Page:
The goal of the exhibition in the Hall of Science was to emphasize the significance of research and demonstrate its impact on the economy and day-to-day life. Already during the run-up to the fair a broad public relations campaign – with a magazine that was established specifically for the fair, special radio programmes on science and provision of material for the international press – ensured that there was a receptive public.
The Science Advisory Committee (SAC) wanted to achieve five goals: They wanted to demonstrate the most important sciences and their methods and depict outstanding phenomena and discoveries. The interdependencies between modern life and industrial development were demonstrated in that new products, such as fridges, were not shown as isolated objects but in an ideal home context. And, finally fairgoers were intended to find a way from ignorance and arrogance with regard to science to recognition of scientific methodology.
On the advice of the SAC, the organizers of the fair had educational films, dioramas and slide shows produced to convey impressions of the sciences. The impact of applied science on business itself was shown, with a committee simply making sure that no exhibits were shown twice.
This concept resulted in impressive presentations, with installations that people could walk through. In the chemical section, for instance, they could stroll through a huge, three-dimensional periodic classification of the elements. A globe suspended above this showed the main occurrences of the elements. In the medical section, a glass human being from the Hygiene Museum in Dresden gave an insight into the functioning of body organs. The humanities were also able to present their contribution to the development of mankind. In the Hall of Religions, for instance, there was a demonstration of how religions, with their socio-pedagogical activities, could provide a moderating response to the ever faster changes in the world.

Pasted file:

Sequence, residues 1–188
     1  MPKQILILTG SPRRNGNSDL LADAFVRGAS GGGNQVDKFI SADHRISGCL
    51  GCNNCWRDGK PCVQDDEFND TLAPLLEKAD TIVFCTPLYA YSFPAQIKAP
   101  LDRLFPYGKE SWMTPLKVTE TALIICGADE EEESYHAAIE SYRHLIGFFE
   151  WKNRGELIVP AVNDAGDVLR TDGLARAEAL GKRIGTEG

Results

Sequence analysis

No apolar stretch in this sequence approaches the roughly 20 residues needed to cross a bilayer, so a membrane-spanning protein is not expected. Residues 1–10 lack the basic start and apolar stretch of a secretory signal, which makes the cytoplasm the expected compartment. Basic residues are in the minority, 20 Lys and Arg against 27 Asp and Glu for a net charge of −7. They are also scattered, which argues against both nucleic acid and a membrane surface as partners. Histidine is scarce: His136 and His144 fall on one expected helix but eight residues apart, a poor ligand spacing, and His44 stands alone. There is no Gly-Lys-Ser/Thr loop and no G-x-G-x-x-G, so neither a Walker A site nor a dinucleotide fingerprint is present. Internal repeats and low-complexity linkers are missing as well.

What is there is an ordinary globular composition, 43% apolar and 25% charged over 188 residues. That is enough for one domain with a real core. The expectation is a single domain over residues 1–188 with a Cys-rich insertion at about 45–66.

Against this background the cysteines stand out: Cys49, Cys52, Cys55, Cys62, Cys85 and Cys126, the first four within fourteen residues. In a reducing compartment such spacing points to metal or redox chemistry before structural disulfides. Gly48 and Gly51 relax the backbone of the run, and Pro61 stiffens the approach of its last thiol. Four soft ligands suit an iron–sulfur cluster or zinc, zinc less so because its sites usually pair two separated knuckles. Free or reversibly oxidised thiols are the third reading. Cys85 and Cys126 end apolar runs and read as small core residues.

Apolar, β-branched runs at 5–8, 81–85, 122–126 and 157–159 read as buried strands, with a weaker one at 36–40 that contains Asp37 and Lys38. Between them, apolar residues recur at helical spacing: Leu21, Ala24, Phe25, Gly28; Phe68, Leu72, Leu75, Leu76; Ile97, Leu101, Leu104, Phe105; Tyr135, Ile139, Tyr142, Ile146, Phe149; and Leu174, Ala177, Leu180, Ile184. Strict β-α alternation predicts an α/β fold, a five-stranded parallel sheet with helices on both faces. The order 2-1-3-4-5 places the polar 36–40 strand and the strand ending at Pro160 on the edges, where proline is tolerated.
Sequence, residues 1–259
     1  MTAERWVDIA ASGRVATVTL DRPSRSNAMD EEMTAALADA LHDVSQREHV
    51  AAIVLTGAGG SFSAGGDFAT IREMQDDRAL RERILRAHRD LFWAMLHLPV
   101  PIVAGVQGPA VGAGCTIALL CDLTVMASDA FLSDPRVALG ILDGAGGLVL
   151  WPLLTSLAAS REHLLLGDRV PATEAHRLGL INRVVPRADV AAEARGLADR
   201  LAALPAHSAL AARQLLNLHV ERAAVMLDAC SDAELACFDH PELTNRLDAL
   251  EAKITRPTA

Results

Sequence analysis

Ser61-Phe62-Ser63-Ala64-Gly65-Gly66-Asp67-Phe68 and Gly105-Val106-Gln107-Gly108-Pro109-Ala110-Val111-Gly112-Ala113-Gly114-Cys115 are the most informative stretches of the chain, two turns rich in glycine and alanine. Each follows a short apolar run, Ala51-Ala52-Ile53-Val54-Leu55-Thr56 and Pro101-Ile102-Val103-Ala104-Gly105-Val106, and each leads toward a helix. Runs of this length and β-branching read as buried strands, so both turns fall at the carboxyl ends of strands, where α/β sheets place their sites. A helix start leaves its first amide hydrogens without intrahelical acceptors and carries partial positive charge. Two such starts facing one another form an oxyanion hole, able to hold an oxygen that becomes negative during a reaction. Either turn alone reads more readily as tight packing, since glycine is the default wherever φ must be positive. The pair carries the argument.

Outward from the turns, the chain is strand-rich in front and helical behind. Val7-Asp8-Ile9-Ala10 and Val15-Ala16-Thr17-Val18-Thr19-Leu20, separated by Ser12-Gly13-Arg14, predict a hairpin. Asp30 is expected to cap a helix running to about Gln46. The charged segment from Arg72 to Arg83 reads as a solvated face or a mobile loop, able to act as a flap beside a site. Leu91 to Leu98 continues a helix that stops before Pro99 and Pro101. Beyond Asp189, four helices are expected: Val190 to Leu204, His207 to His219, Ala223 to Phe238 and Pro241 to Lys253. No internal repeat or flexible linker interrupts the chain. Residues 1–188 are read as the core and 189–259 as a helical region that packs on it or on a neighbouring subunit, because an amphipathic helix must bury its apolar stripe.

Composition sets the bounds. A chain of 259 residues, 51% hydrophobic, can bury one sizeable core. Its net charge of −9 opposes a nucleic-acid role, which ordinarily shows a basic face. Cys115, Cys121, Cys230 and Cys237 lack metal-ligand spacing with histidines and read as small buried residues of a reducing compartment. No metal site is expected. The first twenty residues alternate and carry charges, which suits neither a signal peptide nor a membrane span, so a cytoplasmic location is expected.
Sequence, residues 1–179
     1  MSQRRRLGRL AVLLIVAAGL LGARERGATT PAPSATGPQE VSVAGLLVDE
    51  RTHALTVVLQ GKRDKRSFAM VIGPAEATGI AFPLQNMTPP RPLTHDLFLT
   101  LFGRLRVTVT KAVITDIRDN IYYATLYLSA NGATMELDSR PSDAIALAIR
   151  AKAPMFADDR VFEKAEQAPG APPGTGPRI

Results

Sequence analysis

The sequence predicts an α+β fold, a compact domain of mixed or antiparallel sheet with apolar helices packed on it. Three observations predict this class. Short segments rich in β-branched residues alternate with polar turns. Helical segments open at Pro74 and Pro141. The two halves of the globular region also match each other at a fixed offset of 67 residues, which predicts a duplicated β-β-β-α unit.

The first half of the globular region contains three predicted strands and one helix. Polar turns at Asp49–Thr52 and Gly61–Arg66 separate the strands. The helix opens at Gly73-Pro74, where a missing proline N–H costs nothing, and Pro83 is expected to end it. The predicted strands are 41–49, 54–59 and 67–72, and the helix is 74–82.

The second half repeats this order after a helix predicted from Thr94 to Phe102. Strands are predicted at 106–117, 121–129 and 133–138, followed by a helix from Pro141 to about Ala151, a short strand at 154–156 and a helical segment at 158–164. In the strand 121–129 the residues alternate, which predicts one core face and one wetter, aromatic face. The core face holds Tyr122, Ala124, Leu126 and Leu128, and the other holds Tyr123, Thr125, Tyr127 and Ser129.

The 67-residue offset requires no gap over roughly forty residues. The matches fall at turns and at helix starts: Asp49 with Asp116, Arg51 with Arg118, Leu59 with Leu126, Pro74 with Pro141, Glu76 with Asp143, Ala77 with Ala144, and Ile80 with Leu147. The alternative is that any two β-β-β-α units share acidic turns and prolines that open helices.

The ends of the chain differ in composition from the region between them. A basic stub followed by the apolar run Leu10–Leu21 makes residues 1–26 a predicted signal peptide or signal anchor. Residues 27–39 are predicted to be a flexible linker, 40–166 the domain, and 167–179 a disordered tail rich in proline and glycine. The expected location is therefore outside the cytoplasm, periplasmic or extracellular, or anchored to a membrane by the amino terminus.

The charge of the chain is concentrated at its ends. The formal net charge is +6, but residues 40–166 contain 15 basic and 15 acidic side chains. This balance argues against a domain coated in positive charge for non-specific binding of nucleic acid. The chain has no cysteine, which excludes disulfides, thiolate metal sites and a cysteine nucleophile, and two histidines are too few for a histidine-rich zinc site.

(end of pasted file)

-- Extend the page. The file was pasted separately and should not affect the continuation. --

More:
The American automotive industry spent a considerable amount of money on impressing its contribution to progress on the public. General Motors built the largest company pavilion in which complete Chevrolets were assembled on a production line. Its competitor Chrysler, however, presented a 500-metre test track on which visitors were allowed to accompany famous racing and stunt drivers in cars. Faced with such attractions, the federal government could only come up with a military camp featuring cavalry and artillery which gave an insight into the training and drilling of soldiers. In the pavilion of the state of New York, the old rival of Chicago demonstrated its huge development potential with wall-high photographs by Edward Steichen.
At the same time the Art Institute of Chicago on Michigan Avenue organized a large art exhibition that participated in the profit generated by the Fair. A bus shuttle took visitors to the museum free of charge. The organizers of the fair thus saved themselves the effort and expense of building a fire-proof art palace without which it would have been impossible to borrow major works of art. Named "A Century of Progress in American Collecting", the exhibition showed outstanding works of art, primarily from private American collections. In the second season, in 1934, there was another exhibition in which American art was compared with European art, for instance Impressionism.
|Year: 1933||City: Chicago||Country: USA|
|Duration: 27th May - 12th November 1933 und 25th M|